I know, I know. Everyone is waving an enthusiastic sayonara to 2020 and never looking back, the expectations high for 2021. I don’t know whether to wish the new year good luck meeting everyone’s extreme expectations for improvement, or congratulate it on the fact that it won’t have to work very hard to seem better than its predecessor. Either way, as I sit here on December 31 reflecting on my year in writing, it was a pretty good one. (And yes, 2021, my writing and I have high expectations for you, too.)
The first week of the year, I entered three different writing contests. I didn’t win any of them, but putting my work out there is a huge accomplishment in and of itself (and one of the photos I entered in one of the writing/photography contests did earn second place).
Before the month was over, I taught two, single-session writing classes for the dog handlers of Canine Adventure, Richmond. This experience was a lot of fun because it combined two of my favorites: writing and dogs. In addition, I got to meet some fellow dog-loving writers, and give them some resources to further their own writing endeavors.
I also wrote two pieces for The Village News and one for the AKC.
In February, I wrote a piece for Everyday Dog Magazine, which ran March 1. I also wrote another piece for The Village News, in addition to submitting work to two small presses.
Things got a little crazy in March, as we are all aware, but I did compose a blog post to help parents navigate the whole, then-brand new school-at-home thing. I also wrote an article for The Village News about a local, self-published author, especially fun because I love when I can use my own writing to support other writers in theirs.
In April I managed to write 30 poems in 30 days as part of the Poetry Society of Virginia National Poetry Month Challenge. I also attended two virtual Master Classes on self-publishing, both organized by James River Writers. One was taught by Tee Garner, the other by Ran Walker.
This month, I also wrote my first Covid-related article, a piece about a local emergency nurse deployed to what was then ground-zero of the virus: New York City.
May was particularly exciting, as I learned a piece I wrote about Jack and Sadie was selected to appear in Chicken Soup for the Soul: The Magic of Dogs. The story, an unabridged version of which appears on this blog, is one extremely close to my heart.
I wrote my second and third Covid-related pieces, both of which focused on local businesses. The first was an article about a how a local barbecue restaurant was serving the community and surviving the pandemic. The second focused on how a local hair salon planned to reopen under the Governor’s Phase I Guidelines in Virginia.
Near the end of the month, I learned my essay “My Return to Mountain Biking” earned first place in the Bike Walk RVA essay contest.
Finally, for the first time ever, I opened the blog up to guest posts, and enjoyed reading submissions from writers about their beloved dogs.
In June, I participated in a virtual event honoring the winners of the Bike Walk RVA essay contest, and collaborated with QueryLetter.com on a blog post about query letters.
I again found myself working with the folks at QueryLetter.com to share a blog post, this time about book blurbs.
This was also the month The Magic of Dogs was released (on the same day as our wedding anniversary), and the month I received my copies of the book.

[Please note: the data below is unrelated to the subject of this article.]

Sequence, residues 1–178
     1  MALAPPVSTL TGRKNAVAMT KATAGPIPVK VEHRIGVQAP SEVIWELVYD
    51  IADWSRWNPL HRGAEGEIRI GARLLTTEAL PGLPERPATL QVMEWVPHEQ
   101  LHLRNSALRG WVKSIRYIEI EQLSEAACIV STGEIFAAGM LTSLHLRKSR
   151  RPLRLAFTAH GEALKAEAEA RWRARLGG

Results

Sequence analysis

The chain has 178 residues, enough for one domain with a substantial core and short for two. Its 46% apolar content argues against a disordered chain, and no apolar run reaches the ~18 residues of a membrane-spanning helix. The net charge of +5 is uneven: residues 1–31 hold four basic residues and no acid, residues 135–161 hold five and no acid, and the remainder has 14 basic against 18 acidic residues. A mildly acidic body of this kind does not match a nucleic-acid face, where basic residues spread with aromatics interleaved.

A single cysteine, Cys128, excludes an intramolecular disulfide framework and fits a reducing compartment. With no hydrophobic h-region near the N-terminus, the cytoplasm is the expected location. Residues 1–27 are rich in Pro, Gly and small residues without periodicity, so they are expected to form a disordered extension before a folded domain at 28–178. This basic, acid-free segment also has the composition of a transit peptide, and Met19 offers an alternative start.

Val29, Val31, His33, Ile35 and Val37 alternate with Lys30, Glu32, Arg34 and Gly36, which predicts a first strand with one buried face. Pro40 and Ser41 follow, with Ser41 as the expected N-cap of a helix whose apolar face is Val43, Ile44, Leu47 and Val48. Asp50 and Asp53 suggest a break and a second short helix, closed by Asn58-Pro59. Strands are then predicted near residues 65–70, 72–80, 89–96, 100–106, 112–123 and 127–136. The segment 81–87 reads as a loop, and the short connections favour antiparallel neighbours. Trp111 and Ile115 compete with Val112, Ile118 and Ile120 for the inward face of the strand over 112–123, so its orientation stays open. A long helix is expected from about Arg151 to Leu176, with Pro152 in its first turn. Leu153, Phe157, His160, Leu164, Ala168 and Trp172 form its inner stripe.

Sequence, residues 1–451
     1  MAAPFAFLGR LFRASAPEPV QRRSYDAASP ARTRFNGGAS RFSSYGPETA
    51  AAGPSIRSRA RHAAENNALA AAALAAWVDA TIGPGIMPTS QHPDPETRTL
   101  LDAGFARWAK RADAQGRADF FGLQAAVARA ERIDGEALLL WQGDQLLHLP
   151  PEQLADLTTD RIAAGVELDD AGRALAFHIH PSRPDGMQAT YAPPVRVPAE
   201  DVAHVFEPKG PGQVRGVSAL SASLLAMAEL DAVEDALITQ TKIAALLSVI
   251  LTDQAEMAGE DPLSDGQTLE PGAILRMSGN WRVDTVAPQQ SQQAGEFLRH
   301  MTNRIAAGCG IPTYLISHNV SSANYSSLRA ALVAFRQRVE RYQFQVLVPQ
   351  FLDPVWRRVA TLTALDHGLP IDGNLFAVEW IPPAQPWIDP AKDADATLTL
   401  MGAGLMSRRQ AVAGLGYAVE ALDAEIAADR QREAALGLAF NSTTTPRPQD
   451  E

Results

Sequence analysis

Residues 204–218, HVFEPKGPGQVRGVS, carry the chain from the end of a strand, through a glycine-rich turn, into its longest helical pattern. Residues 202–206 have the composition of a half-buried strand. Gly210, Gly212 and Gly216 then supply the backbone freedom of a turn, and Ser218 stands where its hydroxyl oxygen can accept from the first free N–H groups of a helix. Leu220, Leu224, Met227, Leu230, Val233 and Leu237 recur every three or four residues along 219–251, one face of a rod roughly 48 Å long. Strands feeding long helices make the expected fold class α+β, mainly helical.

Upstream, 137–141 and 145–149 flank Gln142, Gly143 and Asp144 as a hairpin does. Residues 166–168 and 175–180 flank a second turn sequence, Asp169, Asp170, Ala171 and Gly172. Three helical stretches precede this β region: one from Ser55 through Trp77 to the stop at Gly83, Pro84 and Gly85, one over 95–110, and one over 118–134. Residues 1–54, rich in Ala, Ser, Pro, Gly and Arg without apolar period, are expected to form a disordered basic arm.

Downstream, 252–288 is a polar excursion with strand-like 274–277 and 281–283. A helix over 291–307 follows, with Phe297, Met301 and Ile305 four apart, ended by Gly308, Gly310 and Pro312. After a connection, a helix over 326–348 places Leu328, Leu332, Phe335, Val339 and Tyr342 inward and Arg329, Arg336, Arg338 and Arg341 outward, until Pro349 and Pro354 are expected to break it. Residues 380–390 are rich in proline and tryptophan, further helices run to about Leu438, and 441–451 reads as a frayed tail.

In August, things were kind of quiet in my writing world, but I did compose a blog post for teachers about back-to-school amid the pandemic. I was also hired as the Outdoor Writer for Cooperative Living Magazine, a role I am still extremely excited about.
In September, I partnered up with Cool Canines to host a virtual book signing, reading, and fundraiser for the Richmond SPCA. Dog treats and signed copies of The Magic of Dogs raised $178 for the shelter.
I also read and reviewed Mary Oliver’s collection of poems, Dog Songs.
After an editor at a small press provided me with very thorough and valuable feedback on my manuscript for An Expected End, I began earnestly to revise. I also wrote a blog post and a few poems, as well as an essay entitled “Pandemic Picture Day,” which was published on the United States Department of Education blog.
Before the month’s end, I finally figured out how to share “Sadie’s Song” online. The song is a collaboration between my uncle and me. It began as a poem I wrote back in April, which he then set to original music.
In November, I interviewed a Covid-19 survivor and told his harrowing survival story in an article in The Village News. I also continued working on revisions of An Expected End.
As the year winds down, I have heard from the small press I have been in contact with that my piece isn’t for them, but I am still grateful for the communication with them, and for the guidance they provided me, as well as for the resulting revisions, which I believe make my manuscript that much stronger.
Following that news, I entered my manuscript in the Inkshares All-Genre Manuscript Contest. Please feel free to support my endeavor there! 😉
I also embarked on my first adventure for Cooperative Living Magazine, a weekend at Twin Lakes State Park, and I eagerly await the publication of the piece next month (next year!).
I learned about another small press, TCK Publishing, when they reached out to me about writing a book review for them. I read the book, wrote the review, and submitted my own manuscript for consideration.
Currently, I am also holding my first-ever giveaway on Instagram–signed copies of Chicken Soup for the the Soul: The Magic of Dogs and Chicken Soup for the Soul: Think Positive, Live Happy. The winner will be announced on Instagram tomorrow (next year!).
This year held both disappointments and rewards for my writing life. The rewards were validating and exhilarating; the disappointments yielded progress and growth. Here’s to a successful 2021!
© Amanda Sue Creasey